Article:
In the timing task, we observed a decrease of the alpha component and an increase of the beta component in specific areas related to the task. Then, we observed that the areas where the beta component increased was in the bilateral visual areas, the left parietal area, the left motor area and the frontal area. These results suggest that in human subjects, information processing in the cerebral cortex is done in the beta component and timing by a visual stimulus is controlled by the visual, parietal, motor and frontal areas.
We investigated which of the frequency components of the electroencephalogram (EEG); beta band, shows chronological changes in the cerebral information processing during a visual oddball task. The fast and slow reactions were compared and analyzed to show factors of the delay in reaction time.
Fifteen healthy subjects (all right-handed) were studied. In the oddball task, the subject was instructed to push a button with the right thumb as quickly as possible when the target stimulus from a computer display was perceived. The EEG was recorded from the scalp by 128 channels. The beta band (13 to 30 Hz) was isolated from the EEG and analyzed.
The chronological changes of beta band in the left and right cerebral cortices were as follows. After the excitation from a visual stimulus reached the visual cortex, the excitation was transmitted to the temporal and the parietal association areas, and then from these association areas to the frontal association area. The activities of these pathways were occurred repetitively three times until a button was pushed. When the reaction time was delayed, the frequencies of excitation in the frontal association area, the parietal association area and the visual cortices of both cerebral cortices increased.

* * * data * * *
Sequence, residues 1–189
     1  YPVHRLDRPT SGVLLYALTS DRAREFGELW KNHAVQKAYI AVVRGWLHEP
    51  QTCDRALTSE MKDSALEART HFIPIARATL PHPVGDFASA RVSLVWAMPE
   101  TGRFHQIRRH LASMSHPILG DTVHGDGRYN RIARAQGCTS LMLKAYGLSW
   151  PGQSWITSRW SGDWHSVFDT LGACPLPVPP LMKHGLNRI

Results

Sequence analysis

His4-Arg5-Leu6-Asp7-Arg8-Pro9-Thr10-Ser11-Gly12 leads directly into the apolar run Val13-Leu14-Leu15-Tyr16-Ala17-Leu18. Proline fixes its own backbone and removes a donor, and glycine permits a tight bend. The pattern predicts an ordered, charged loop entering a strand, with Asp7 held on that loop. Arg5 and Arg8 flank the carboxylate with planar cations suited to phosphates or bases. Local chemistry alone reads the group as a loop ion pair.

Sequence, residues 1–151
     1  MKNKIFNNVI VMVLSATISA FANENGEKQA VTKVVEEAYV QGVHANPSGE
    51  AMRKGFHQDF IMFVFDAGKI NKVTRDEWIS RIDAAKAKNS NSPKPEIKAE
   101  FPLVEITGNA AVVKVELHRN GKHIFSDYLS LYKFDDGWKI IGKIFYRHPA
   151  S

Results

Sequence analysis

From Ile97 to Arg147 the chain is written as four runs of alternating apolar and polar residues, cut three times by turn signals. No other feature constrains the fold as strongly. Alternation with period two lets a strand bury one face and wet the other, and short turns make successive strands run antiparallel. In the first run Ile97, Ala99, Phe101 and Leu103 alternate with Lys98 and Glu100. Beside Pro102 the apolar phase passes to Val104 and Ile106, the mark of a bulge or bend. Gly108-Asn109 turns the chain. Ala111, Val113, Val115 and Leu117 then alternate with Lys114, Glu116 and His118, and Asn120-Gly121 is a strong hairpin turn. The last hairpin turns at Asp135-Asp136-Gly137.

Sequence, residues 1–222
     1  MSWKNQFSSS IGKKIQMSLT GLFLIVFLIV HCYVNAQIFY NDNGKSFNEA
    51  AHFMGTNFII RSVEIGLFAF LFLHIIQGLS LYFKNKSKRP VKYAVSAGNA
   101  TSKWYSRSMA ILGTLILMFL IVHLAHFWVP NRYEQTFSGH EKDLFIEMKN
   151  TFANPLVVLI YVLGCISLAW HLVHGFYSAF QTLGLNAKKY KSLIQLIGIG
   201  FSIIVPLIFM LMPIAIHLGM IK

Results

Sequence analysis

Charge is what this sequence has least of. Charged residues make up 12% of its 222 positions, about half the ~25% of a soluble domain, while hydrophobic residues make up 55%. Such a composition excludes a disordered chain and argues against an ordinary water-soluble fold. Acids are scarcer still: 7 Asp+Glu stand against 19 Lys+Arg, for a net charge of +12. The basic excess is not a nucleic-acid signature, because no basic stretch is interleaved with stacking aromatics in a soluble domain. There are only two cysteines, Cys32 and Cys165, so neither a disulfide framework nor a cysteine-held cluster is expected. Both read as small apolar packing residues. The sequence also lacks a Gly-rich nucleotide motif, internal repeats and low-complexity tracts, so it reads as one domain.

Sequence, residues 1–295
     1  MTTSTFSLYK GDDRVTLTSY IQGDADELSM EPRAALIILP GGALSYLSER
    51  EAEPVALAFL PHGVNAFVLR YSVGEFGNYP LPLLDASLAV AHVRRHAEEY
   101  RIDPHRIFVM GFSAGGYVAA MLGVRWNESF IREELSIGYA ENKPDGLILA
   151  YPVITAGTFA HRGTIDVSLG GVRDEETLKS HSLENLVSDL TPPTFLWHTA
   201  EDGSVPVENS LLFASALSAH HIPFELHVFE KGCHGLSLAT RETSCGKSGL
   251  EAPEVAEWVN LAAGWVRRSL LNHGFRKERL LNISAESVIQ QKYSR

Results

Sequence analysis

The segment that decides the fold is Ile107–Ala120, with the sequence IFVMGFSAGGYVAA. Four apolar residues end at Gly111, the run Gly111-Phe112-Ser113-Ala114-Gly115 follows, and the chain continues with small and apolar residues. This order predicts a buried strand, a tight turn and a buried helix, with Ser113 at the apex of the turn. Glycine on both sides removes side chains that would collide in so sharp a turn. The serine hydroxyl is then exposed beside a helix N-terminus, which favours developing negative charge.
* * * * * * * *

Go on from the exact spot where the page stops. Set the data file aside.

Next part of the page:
Our data suggested that the repeated pathway indicated known visual information processing. The frontal association areas are an important area for cognitive function. Therefore the frontal association areas probably play an important role in decision-making for a fast reaction.
Every day, we are confronted by numerous opportunities for stepping. However, the relationship between anticipatory control of swing limb during stepping and small levels of change in step height has not been examined. The purpose of this study was therefore to clarify the influence that changes in step height exert on the anticipatory control of swing limb, while stepping. In this study, 10 male subjects (age: 19.40 ± 1.65 yr., Height: 161.92 ± 1.71 cm.) executed level walking and stepping. Step heights ranged from 1 cm to 9 cm in 1 cm intervals. As a result, a significant difference was observed between the hip joint angle used for step heights from level to 2 cm and the hip joint angle used for all levels. With increasing step height, the hip joint angle became increasingly flexed. From a step height of 3 cm, the knee joint angle also flexed gradually. Toe clearance was thus ensured via control of the hip joint, for step heights up to 2 cm for the subjects of this study. For step heights greater than 3 cm, clearance was ensured via control of both the hip and knee joints. Toe clearance was approximately 5 cm, regardless of step height. The results suggest that the necessity to control knee flexion is perceived from a certain height.